Would you like me to find all the cases of cismen going into women’s restroom (not pretending to be trans) and assaulting women and children? Or maybe all the cases of transfolks being beaten and raped as punishment for using a public restroom? Let me know–either way, it’s going to take me a while.

          • invitro says:

            “Would you like me to find all the cases of cismen going into women’s restroom (not pretending to be trans) and assaulting women and children? Or maybe all the cases of transfolks being beaten and raped as punishment for using a public restroom? Let me know–” — If you’re volunteering, sure, go for it. Start with the second, if you don’t mind.

          • invitro says:

            Stress? Self-reporting? That paper is garbage, and doesn’t have any facts about assault/rape/beatings that you’re implying it does. Try again.

        • Brett Alan says:

          OK, that’s fine..just don’t tell me that you’re OK with NON-transgender women using the women’s restroom. Because absolutely 100% of your logic applies to them, as well.

          If a man decides to impersonate a woman and looks enough like one to pass, then having a law against transgender women going in there won’t help. If he doesn’t look enough like one to pass, then well, I don’t think him saying “oh, no, I’m a transgender woman” is going to help his cause. What, precisely, do you think these laws are accomplishing?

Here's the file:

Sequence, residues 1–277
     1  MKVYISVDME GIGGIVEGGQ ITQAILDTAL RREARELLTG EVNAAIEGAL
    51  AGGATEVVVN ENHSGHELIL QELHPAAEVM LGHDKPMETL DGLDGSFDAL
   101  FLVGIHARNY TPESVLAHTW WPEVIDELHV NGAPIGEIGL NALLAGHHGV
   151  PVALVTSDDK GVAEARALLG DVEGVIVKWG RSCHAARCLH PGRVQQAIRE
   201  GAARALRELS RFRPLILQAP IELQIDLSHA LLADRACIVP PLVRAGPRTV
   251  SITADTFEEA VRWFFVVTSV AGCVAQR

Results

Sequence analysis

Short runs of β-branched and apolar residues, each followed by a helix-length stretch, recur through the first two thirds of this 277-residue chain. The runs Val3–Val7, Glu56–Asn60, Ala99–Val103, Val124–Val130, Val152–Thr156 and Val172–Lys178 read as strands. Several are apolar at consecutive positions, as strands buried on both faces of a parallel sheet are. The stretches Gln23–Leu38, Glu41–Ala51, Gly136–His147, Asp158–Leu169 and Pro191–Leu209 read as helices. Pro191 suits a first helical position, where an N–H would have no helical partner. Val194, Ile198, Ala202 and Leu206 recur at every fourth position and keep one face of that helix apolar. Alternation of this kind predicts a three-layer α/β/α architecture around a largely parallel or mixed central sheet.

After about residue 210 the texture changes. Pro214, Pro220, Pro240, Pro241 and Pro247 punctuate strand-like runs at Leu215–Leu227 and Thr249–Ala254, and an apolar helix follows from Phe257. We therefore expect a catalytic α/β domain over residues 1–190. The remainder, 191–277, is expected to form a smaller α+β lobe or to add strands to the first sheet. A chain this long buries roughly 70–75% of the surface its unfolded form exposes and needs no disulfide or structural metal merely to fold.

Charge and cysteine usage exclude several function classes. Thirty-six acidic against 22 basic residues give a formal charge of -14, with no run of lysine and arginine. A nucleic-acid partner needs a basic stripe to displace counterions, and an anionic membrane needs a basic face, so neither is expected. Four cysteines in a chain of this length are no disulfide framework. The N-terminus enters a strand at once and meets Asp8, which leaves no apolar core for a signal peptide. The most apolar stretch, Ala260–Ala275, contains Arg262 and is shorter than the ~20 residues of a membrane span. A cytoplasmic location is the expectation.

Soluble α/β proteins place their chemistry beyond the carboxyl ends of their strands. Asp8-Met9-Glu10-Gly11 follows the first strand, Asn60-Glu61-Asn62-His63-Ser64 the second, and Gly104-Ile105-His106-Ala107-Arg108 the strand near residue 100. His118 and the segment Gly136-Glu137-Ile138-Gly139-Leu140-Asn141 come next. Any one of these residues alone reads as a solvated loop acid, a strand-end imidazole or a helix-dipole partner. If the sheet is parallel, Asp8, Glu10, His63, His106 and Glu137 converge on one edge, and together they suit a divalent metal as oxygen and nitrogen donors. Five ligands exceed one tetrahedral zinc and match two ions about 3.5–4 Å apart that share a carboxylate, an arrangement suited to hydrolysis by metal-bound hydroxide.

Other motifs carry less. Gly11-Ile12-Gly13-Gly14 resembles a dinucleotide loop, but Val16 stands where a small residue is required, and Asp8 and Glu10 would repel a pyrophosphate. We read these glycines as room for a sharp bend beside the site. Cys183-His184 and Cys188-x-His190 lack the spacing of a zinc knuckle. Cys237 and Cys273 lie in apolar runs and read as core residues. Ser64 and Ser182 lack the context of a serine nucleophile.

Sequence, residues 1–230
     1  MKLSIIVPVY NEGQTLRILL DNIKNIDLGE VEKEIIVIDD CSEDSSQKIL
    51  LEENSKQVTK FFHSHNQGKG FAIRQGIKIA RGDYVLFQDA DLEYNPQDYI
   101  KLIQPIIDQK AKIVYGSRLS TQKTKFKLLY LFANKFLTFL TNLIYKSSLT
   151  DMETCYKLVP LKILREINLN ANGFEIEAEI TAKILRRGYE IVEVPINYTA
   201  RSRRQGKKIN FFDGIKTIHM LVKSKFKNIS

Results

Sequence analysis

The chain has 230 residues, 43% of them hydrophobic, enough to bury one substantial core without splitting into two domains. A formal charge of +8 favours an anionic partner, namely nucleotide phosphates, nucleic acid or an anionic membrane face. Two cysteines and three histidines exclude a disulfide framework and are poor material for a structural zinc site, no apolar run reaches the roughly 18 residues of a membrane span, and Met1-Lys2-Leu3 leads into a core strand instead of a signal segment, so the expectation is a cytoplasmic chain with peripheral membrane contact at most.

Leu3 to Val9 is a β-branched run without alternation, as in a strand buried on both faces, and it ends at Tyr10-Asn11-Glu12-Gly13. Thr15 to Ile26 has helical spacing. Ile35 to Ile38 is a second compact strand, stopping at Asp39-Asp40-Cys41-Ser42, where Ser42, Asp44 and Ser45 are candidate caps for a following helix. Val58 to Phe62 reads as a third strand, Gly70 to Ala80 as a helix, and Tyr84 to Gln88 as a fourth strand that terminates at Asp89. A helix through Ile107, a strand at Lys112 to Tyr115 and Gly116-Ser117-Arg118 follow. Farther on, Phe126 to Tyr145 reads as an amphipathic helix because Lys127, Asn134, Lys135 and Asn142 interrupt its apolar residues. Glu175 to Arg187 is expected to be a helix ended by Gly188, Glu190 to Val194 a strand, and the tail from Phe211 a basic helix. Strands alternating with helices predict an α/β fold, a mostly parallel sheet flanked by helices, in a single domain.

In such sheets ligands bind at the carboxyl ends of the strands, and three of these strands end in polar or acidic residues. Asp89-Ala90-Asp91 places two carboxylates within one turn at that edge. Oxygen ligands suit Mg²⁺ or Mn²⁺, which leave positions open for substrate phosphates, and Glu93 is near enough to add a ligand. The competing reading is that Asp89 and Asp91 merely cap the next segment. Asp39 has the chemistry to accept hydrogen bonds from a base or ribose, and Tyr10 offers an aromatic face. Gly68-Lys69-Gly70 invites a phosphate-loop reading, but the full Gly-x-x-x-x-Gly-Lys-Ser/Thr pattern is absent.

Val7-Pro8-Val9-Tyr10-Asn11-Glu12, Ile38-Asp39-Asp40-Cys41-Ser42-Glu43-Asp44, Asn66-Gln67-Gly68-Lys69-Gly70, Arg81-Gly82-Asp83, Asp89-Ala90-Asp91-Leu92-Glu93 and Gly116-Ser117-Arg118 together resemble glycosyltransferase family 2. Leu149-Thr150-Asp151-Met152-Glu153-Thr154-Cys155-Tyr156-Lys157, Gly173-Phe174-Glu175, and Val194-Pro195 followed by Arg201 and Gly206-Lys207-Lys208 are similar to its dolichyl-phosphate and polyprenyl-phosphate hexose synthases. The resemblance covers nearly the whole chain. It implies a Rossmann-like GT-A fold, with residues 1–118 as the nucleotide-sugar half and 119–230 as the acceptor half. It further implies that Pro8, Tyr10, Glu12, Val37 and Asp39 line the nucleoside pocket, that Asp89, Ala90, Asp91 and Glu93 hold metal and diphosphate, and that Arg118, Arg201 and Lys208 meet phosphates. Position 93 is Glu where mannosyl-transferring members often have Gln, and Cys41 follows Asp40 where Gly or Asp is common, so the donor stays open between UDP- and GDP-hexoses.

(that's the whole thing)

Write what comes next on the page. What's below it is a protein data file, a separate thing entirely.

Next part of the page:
The only thing they’re “accomplishing”, other than allowing politicians to pander, is putting transgender women at risk of being attacked in men’s bathrooms.

          • Karyn says:

            Exactly. Also, it’s actually transmen who are in a lot of danger in public restrooms. They’re the ones who get beat up, occasionally raped, in men’s rooms.

          • MikeN says:

            There is no need to claim anything. There is audio of a man dressed normally asking at Target, and they said he could use whatever bathroom he was comfortable with.

          • Karyn says:

            So, MikeN, it’s a non-transgendered person acting like a creep?

          • MikeN says:

            Yes. Or at least asking to do so.

          • Karyn says:

            Well, did the guy go in the women’s room, or not? Because if he did, and he’s more comfortable identifying as a man than as a woman, then I’d wonder why he did that.

            If he didn’t go in the women’s room, then he was merely being a little bit of a jerk in order to make a political point. Which a whole lot of people do, on all sides. So, whatever.

          • Brett Alan says:

            @MikeN, you say :”there’s audio”. Um…who has the audio? How do you know it’s authentic? Did he go on to harm anyone?

        • Karyn says:

          There’s this case, at the Stonewall Inn, of all places.

          http://newyork.cbslocal.com/2016/03/28/stonewall-inn-sex-assault/

  6. Doug says:

    His views are profoundly bigoted and wrong, but he still belongs in the Hall of Fame, for me. I mean, Cap Anson is in the Hall of Fame. It’s not like the Hall of Fame is morally pure; it’s a record of the game of baseball, with all its imperfections, and in the context of the imperfect and strange and weird and sometimes awful story of America.

    • Karyn says: